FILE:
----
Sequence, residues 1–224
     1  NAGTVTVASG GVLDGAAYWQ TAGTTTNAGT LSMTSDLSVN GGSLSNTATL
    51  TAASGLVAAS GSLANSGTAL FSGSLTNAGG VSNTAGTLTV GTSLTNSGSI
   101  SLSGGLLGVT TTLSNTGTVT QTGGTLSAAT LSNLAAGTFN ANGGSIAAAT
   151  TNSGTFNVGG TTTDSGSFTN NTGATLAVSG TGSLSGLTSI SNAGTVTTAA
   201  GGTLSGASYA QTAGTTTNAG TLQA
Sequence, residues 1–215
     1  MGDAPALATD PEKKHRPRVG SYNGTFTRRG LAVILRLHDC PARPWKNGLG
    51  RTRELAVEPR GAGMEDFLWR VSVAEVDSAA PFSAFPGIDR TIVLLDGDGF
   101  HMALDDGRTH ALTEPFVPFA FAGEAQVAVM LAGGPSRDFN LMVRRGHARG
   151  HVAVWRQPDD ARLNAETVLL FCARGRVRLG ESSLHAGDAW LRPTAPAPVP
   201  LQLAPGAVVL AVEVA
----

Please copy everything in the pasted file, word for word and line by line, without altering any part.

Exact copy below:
Sequence, residues 1–224
     1  NAGTVTVASG GVLDGAAYWQ TAGTTTNAGT LSMTSDLSVN GGSLSNTATL
    51  TAASGLVAAS GSLANSGTAL FSGSLTNAGG VSNTAGTLTV GTSLTNSGSI
   101  SLSGGLLGVT TTLSNTGTVT QTGGTLSAAT LSNLAAGTFN ANGGSIAAAT
   151  TNSGTFNVGG TTTDSGSFTN NTGATLAVSG TGSLSGLTSI SNAGTVTTAA
   201  GGTLSGASYA QTAGTTTNAG TLQA
Sequence, residues 1–215
     1  MGDAPALATD PEKKHRPRVG SYNGTFTRRG LAVILRLHDC PARPWKNGLG
    51  RTRELAVEPR GAGMEDFLWR VSVAEVDSAA PFSAFPGIDR TIVLLDGDGF
   101  HMALDDGRTH ALTEPFVPFA FAGEAQVAVM LAGGPSRDFN LMVRRGHARG
   151  HVAVWRQPDD ARLNAETVLL FCARGRVRLG ESSLHAGDAW LRPTAPAPVP
   201  LQLAPGAVVL AVEVA